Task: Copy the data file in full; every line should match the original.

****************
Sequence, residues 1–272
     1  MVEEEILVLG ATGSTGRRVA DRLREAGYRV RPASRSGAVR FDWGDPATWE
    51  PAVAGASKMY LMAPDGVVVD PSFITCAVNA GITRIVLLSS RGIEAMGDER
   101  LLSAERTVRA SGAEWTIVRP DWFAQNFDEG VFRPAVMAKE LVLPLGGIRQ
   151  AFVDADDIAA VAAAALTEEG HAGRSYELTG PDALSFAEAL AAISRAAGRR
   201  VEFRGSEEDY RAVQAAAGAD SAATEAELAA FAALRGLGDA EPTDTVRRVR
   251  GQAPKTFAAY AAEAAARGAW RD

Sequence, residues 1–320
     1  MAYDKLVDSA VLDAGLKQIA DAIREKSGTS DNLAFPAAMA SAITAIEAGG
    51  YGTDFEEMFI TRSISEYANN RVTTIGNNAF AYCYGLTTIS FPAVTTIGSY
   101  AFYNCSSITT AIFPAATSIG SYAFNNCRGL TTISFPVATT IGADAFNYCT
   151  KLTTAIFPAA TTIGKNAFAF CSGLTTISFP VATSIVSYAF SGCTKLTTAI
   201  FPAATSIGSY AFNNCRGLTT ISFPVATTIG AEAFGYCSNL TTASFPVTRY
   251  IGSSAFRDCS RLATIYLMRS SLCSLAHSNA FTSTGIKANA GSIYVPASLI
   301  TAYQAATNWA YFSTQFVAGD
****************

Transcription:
Sequence, residues 1–272
     1  MVEEEILVLG ATGSTGRRVA DRLREAGYRV RPASRSGAVR FDWGDPATWE
    51  PAVAGASKMY LMAPDGVVVD PSFITCAVNA GITRIVLLSS RGIEAMGDER
   101  LLSAERTVRA SGAEWTIVRP DWFAQNFDEG VFRPAVMAKE LVLPLGGIRQ
   151  AFVDADDIAA VAAAALTEEG HAGRSYELTG PDALSFAEAL AAISRAAGRR
   201  VEFRGSEEDY RAVQAAAGAD SAATEAELAA FAALRGLGDA EPTDTVRRVR
   251  GQAPKTFAAY AAEAAARGAW RD

Sequence, residues 1–320
     1  MAYDKLVDSA VLDAGLKQIA DAIREKSGTS DNLAFPAAMA SAITAIEAGG
    51  YGTDFEEMFI TRSISEYANN RVTTIGNNAF AYCYGLTTIS FPAVTTIGSY
   101  AFYNCSSITT AIFPAATSIG SYAFNNCRGL TTISFPVATT IGADAFNYCT
   151  KLTTAIFPAA TTIGKNAFAF CSGLTTISFP VATSIVSYAF SGCTKLTTAI
   201  FPAATSIGSY AFNNCRGLTT ISFPVATTIG AEAFGYCSNL TTASFPVTRY
   251  IGSSAFRDCS RLATIYLMRS SLCSLAHSNA FTSTGIKANA GSIYVPASLI
   301  TAYQAATNWA YFSTQFVAGD